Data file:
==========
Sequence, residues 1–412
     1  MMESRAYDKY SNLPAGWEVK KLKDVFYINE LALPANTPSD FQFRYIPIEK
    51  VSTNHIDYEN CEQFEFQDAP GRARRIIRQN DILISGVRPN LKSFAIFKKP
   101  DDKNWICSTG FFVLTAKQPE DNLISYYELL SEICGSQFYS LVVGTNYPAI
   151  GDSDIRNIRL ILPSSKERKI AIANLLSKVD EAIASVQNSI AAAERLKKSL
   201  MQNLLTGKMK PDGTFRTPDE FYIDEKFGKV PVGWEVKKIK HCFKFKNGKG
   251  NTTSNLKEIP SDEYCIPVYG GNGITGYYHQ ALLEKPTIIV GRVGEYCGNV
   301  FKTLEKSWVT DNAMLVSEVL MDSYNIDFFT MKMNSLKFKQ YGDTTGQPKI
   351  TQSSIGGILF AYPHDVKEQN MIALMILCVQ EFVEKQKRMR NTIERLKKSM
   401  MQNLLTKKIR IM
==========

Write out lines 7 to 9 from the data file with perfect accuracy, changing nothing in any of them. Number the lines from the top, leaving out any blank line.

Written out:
   251  NTTSNLKEIP SDEYCIPVYG GNGITGYYHQ ALLEKPTIIV GRVGEYCGNV
   301  FKTLEKSWVT DNAMLVSEVL MDSYNIDFFT MKMNSLKFKQ YGDTTGQPKI
   351  TQSSIGGILF AYPHDVKEQN MIALMILCVQ EFVEKQKRMR NTIERLKKSM